My first grey partridge, with legendary sporting artist Rodger McPhail.
More than 40 years have passed since I shot my first partridge but it is clearer in my memory than things that happened last week.
I was still at school and money was short. I had an ancient Belgian single-barrel 12 bore that was my pride and joy. Sellier & Bellot were my cartridges of choice; they were the cheapest available and you could buy them in packets of ten like Woodbines. They were rather unpredictable. Sometimes the recoil would send me staggering back a few paces and sometimes there would be a flatulent thud and the pellets would dribble out the end of the barrel.
I had obtained permission to shoot on a very scruffy farm next to a colliery. The farmer was even scruffier; a villainous unwashed character with brown teeth.
On the first day I arrived there with the old 12 bore strapped to the cross-bar of my bike, he lurched out and motioned me to hand him the gun. He loaded it and, to my horror, crept round the barn and shot a dog! “That bastard’s been hanging round here for weeks,” he said handing back the smoking weapon.
In those days, sparrows were in plague proportions and a serious agricultural pest. I was instructed to keep them off the barley. This I did with a will, my best effort being a punt-gun style shot as a brown cloud of them rose up into the hedge. I picked up over 60! I had read that sparrow pie was considered a delicacy but I can’t say I would recommend it. I would describe them as edible, but only just.
As well as sparrows, there were pigeons, rabbits, hares, crows and magpies and, of course, wild grey partridges.
In those days, every farm had a few coveys and their creaking calls were a familiar evening sound. I was desperate to get one, but they were very difficult to get near to, and on the few occasions that I got a shot, I missed.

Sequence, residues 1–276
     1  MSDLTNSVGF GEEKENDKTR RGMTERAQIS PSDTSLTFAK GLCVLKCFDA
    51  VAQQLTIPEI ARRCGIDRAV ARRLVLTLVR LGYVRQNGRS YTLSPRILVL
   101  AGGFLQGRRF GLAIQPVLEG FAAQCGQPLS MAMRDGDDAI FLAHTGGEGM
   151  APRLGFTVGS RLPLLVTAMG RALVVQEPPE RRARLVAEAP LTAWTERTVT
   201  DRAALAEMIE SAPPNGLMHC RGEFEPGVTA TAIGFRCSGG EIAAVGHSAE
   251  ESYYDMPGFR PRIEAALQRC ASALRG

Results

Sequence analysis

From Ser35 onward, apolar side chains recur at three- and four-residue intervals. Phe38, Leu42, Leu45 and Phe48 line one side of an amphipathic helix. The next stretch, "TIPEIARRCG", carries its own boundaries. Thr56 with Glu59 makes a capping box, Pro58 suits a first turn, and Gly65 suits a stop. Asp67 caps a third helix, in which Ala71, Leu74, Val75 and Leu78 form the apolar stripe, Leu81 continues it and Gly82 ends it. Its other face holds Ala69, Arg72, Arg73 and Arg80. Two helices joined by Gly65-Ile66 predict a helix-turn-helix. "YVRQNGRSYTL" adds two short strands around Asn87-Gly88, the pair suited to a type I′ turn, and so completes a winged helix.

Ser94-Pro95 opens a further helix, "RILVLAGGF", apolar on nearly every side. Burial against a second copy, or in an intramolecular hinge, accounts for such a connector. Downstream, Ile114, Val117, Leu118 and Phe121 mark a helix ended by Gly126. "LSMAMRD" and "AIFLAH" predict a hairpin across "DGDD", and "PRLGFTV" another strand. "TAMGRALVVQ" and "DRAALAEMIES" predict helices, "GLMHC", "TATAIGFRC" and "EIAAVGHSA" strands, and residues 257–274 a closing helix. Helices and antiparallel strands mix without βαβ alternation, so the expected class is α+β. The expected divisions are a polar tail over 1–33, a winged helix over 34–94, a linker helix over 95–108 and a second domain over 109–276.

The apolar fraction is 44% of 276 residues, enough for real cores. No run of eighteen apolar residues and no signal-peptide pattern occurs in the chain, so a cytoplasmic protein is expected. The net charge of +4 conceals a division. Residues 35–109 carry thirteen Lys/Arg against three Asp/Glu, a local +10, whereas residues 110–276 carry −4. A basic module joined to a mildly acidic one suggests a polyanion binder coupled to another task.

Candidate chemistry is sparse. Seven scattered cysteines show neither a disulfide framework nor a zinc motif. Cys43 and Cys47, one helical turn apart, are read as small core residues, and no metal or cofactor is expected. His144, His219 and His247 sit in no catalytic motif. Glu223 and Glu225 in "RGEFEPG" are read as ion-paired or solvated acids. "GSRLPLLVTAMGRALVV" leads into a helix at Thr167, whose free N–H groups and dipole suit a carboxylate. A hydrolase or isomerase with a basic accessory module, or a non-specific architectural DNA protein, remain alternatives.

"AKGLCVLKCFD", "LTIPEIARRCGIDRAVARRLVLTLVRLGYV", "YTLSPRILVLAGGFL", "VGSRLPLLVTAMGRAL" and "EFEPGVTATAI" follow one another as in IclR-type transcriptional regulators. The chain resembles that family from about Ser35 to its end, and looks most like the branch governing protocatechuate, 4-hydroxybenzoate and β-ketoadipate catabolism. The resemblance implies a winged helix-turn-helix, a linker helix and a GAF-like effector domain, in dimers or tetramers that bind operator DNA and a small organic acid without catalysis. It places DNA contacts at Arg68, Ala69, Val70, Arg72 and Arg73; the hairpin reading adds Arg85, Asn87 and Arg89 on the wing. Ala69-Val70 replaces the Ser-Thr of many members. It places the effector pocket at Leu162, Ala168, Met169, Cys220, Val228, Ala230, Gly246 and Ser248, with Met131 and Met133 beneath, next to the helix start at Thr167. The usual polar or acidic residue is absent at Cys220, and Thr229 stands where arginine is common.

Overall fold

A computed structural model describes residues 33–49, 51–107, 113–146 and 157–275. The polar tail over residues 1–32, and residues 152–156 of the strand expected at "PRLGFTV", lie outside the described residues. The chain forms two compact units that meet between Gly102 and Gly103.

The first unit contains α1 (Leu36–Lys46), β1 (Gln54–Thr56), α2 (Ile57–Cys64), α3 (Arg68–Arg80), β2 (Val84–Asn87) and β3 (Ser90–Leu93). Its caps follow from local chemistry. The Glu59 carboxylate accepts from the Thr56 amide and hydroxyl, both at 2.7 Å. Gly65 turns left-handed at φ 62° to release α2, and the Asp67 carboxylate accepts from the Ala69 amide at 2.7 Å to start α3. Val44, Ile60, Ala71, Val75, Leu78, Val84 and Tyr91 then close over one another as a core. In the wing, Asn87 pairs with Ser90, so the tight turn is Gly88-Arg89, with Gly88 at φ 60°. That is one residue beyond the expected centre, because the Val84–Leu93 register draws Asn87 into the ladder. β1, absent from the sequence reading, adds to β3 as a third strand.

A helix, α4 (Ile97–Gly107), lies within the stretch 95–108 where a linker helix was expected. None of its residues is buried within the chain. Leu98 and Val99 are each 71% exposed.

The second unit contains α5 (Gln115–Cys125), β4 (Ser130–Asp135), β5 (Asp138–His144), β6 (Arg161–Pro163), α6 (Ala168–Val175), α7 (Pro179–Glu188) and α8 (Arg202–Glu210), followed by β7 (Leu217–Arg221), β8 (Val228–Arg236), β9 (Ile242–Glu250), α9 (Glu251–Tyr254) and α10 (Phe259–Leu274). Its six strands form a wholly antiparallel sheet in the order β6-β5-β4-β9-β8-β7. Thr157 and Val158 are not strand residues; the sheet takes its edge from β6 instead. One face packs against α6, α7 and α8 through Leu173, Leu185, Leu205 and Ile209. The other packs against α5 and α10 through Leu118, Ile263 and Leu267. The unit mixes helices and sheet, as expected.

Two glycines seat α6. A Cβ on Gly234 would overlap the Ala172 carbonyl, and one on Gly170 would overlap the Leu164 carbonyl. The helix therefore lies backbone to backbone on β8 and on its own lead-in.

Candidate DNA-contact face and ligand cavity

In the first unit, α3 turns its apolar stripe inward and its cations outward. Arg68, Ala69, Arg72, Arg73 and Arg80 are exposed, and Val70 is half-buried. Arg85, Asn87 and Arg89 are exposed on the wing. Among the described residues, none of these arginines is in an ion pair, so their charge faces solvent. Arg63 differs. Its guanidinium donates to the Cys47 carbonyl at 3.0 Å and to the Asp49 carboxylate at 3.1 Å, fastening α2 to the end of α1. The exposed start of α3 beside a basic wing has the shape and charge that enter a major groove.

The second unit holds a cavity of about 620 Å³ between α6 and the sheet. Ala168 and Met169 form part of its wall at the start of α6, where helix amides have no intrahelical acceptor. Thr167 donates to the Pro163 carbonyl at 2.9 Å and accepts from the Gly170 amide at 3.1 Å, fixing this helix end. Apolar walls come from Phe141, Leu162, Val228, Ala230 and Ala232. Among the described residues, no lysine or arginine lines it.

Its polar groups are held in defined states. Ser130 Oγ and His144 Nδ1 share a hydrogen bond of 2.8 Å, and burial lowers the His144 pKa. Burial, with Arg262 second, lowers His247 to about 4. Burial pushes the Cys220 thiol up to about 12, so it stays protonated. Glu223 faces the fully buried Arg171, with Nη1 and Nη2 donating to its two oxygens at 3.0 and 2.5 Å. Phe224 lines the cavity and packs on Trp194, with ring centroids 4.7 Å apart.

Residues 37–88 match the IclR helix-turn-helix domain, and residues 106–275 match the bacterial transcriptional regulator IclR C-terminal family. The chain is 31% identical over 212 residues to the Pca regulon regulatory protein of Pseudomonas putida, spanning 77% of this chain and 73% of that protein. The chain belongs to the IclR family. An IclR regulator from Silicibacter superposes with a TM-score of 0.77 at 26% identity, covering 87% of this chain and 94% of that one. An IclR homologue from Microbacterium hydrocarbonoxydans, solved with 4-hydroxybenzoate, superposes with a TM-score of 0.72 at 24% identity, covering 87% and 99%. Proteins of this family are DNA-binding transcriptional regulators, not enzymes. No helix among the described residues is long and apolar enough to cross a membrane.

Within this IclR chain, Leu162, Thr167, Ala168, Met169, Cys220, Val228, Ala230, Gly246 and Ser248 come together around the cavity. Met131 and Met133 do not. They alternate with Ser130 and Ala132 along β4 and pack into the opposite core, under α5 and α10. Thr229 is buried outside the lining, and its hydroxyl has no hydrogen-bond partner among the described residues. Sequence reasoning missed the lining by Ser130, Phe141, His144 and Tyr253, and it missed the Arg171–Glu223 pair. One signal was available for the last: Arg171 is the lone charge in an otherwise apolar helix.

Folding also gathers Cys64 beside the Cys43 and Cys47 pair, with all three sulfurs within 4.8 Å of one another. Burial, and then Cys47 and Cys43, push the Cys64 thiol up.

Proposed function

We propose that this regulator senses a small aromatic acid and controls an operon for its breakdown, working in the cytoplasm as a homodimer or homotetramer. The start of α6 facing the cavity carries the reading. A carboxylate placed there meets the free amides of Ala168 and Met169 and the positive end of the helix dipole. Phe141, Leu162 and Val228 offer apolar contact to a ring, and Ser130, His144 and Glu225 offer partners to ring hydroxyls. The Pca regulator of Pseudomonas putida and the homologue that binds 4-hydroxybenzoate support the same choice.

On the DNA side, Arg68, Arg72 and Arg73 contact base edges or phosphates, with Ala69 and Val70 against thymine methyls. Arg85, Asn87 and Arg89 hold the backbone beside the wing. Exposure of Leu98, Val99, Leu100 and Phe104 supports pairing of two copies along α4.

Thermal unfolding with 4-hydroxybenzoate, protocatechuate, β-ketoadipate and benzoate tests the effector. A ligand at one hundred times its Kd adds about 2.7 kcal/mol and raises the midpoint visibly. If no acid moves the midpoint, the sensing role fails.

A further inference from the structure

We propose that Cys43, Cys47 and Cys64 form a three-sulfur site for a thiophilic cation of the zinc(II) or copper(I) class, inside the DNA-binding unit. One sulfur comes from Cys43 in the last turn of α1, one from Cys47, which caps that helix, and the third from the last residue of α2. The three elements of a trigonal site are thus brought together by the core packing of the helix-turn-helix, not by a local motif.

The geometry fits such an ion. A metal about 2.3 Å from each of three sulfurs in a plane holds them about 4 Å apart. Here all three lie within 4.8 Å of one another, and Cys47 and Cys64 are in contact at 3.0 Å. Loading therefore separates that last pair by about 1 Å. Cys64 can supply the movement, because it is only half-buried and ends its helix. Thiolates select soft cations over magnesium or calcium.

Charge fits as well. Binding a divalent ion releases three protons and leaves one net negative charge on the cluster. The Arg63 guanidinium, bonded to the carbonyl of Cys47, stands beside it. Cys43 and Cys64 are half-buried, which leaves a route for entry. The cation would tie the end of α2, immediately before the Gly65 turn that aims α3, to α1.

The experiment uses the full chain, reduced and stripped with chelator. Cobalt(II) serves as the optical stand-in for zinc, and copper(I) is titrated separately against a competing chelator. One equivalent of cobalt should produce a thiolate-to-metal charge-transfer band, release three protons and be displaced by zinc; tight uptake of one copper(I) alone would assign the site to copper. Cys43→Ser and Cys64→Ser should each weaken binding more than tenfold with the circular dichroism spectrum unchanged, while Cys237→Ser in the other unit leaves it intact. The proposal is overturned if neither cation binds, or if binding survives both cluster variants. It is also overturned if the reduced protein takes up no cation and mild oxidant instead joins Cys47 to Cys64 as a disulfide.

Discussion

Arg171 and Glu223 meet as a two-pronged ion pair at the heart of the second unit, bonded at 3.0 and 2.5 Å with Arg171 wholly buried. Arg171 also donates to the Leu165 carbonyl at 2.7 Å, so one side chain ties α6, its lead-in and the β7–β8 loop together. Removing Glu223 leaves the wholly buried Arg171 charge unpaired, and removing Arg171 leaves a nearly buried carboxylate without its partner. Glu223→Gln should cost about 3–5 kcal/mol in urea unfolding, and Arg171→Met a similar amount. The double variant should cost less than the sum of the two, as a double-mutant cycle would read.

Then, one glorious, crisp autumn day I was walking up the side of a hedge when a covey rose on the far side with a great whirr of wings, and to my great joy I managed to knock the tail-end Charlie down into the plough. Elation soon turned to despair – I could only cross the hedge 50 yards down and when I got back to where the bird had fallen it was nowhere to be seen!
I did not have a dog and was nearly weeping with frustration. After what seemed like an hour, I finally found the little body tucked into a cleft in the plough.
It was the first partridge I had ever held and its beauty took my breath away. The soft subtle intricacies of its plumage mesmerised me. It was the most perfect creature I had ever seen. I carried that partridge home as if it was the crown jewels and spent the rest of that day, and all of the next, sketching and admiring my prize.
I was tying flies for the local tackle shop to make a bit of pocket money in those days, and the breast and back feathers furnished many a March brown and partridge and orange.
Just one little grey partridge, but very few trophies since have given me so much pleasure.